Here on BB&W, we often discuss the varieties of bias in our interracial and intercultural relationships from one perspective. Here’s another, quite compelling view from a fellow colleague of mine from the American Society Journalists and Authors, Caitlin Kelly. I hope you enjoy her essay as much as I did.
THE AUTUMN day was spectacular: a clear blue sky, the trees glowing with scarlet and orange leaves, brilliant sunshine. My partner, Jose, dressed in his weekend casual wear of jeans and a barn jacket, looked up with pleasure.
â€œGorgeous, huh?â€ he asked a neighbor in our suburban New York City apartment building, standing beside him on the sidewalk.
â€œSeriously,â€ the man agreed. â€œYou guys did such a great job.â€
The 60-year-old brick building had been recently re-pointed, a long, messy, laborious project that used the labor of many local workers, most of whom were Hispanic.
Jose is not a day laborer. Nor is he illegal. He is a first generation American, as patriotic as a man can be, born and raised in Santa Fe.
But, in New York, as in many parts of the U.S. today, a Hispanic man remains an obvious, easy target. It might be for physical, brutal attack, even murder, as has happened on Staten Island and Long Island.
Or it can mean a smaller, equally vicious blow to the pride of a quiet man with a small crystal pyramid hidden in his dresser drawer, typical of his modest nature. Itâ€™s a Pulitzer prize for photo editing.
My partner is not a peon, neither uneducated, undocumented, nor working-class â€“ assumptions some observers still make too easily.
Instead, heâ€™s a former White House Press photographer, whoâ€™s photographed three Presidents, five Superbowls, a war and two Olympics. He grew up with little money and few powerful allies or contacts. No Ivy degrees. Like many other minorities who have climbed the greasy pole of professional success, he brings a ferocious work ethic and a ton of talent.
I find this casual brutality unbearable, the blithe racism that unthinkingly dismisses this soft-spoken man with brown skin.
We started dating in 2000 after meeting on-line. His adjectival string read: Mexican-Navajo-Buddhist-Republican-golfer. It all sounded pretty intriguing to me.
My Dad said only: â€œRepublican?â€
Iâ€™m blond, pale, Canadian, raised in Toronto, a liberal city renowned for its ethnic diversity. Iâ€™d grown up taking public transit everywhere, often the only white person, surrounded by Vietnamese or Chinese or Caribbean-born blacks.
Yet I had never dated someone who wasnâ€™t Caucasian. Naively, it never even occurred to me that people might have an opinion about this decision.
People, hearing his Hispanic name, trotted out every clichÃ©. â€œDoes he wear a guayabera? Does he dance salsa?â€
Youâ€™re kidding, right?
The man wears khakis, boat shoes, polished black loafers, cashmere. A colleague once called him, affectionately, the preppy Mexican. His favorite restaurants are French bistros and his preferred weekend activity playing golf.
Our inter-racial and inter-cultural pairing has up-ended many assumptions. When we went to Mexico for three weeks in 2005, it was I who did the translating. I first went there at two, returning many times since, from Taxco to Acapulco to Merida to living in Cuernavaca when I was 14 for a few months with my Mom and, with her, traveling the countryside. Mexico always feels like home to me, filled with delicious memories of churros and cajeta (goat milk caramel), agave and dusty roads and cloud-covered coffee plantations and dim cathedrals.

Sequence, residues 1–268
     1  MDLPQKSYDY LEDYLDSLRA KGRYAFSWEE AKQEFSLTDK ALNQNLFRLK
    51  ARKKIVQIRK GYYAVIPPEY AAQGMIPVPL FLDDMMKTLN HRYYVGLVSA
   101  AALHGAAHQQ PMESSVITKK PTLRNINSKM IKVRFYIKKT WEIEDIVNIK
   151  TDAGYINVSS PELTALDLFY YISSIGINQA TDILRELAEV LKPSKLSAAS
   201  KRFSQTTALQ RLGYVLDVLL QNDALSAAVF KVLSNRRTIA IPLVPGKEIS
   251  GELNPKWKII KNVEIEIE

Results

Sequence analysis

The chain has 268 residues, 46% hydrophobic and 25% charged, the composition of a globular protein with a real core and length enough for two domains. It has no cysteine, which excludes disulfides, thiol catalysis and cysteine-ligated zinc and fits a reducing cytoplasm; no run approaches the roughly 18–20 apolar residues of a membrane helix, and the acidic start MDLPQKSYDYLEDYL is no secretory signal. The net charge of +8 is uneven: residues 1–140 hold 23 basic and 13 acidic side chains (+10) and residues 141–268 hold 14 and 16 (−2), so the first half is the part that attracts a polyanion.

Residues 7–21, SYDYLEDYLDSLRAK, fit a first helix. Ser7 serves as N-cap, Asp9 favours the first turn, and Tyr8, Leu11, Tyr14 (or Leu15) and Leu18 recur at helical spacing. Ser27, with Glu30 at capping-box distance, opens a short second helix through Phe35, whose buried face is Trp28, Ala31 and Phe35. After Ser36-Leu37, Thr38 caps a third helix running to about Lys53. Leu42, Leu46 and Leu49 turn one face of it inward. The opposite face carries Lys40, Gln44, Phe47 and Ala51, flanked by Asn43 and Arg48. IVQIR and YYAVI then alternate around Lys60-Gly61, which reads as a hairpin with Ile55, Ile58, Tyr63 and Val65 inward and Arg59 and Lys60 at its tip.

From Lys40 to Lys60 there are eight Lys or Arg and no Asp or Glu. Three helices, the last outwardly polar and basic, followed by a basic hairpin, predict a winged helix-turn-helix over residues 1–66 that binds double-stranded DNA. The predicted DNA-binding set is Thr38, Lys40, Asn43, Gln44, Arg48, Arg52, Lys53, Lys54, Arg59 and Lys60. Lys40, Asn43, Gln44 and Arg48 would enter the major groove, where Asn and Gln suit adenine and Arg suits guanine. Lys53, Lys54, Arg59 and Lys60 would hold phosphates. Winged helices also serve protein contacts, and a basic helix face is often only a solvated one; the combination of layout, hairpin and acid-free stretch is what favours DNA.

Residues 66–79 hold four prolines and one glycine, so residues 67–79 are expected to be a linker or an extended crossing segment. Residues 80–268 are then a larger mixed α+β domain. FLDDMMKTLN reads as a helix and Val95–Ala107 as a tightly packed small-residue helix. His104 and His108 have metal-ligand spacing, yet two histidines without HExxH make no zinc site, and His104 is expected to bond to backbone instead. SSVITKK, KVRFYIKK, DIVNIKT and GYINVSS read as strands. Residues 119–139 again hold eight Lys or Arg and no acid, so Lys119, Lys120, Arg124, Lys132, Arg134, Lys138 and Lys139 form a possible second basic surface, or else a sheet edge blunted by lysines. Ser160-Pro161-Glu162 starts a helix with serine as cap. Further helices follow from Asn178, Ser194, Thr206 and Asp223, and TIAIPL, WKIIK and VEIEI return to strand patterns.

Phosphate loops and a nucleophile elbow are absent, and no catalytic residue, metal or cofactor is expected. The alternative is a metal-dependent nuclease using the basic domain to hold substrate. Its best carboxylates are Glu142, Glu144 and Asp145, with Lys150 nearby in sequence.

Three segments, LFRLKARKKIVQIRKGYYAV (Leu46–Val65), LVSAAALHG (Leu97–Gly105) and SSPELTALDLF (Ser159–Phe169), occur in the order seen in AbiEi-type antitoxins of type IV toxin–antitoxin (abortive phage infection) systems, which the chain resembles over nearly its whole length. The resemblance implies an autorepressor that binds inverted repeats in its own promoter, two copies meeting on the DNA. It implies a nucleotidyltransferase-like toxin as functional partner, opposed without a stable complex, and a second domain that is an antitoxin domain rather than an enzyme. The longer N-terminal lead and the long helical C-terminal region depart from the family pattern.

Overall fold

For Jose â€“ whose grandfather Pedro fled Torreon, in the far north of the country â€“- his only trip to Mexico was to touristy Cancun and its beaches. As we traveled together, jumping on and off the countryâ€™s excellent first-class buses, (â€œBuses?!â€ he said), touring five regional cities, everyone chatted him up.
â€œI donâ€™t speak Spanish,â€ heâ€™d apologize, deferring to the blue-eyed gringa at his side. My Spanish was once sufficiently fluent I translated for Chilean refugees and still strong enough I could chatter away for hours.
I was always struck by how un-Mexican Jose was, how little he knew of, or valued, his ancestry. Once, in a museum in Texas, I admired his Mayan nose, a dead ringer for one on a centuries-old pot in the display case.
On our Mexican vacation, we were spontaneously invited to a book party in Patzcuaro, hosted by a famous news photographer we had never met. He gave Jose a copy of his magnificent coffee table book, with the inscription: â€œTo Pepe, whom we have only loaned to The New York Times.â€
Thanks to Jose, I now see the world differently.
The youngest male child of a Hispanic family, he likes things his way. I was raised an only child, so we take turns being the most demanding.
We keep pozole in the freezer. We burn pinon incense that smells like the woods he grew up in and desperately misses. On our recent New Mexico vacation we stared into a night sky impossibly studded with stars. His land, his heritage, his home.
Just as much as our New York penthouse.
About the Author:
Caitlin Kelly has been a reporter for the New York Daily News, Globe and Mail and Montreal Gazette. As a freelancer, she has written for The New York Times since 1990 and is the author of two books, “Blown Away: American Women and Guns” (Pocket Books 2004) and “Malled: My Unintentional Career In Retail” (Portfolio, spring 2011.) She was a paid blogger at True/Slant for a year before it was sold to Forbes in May 2010. She lives near New York City; her passions include antiques, cooking, reading and foreign travel (37 countries so far!)
Her website: caitlinkelly.com
Her blog: broadsideblog.wordpress.com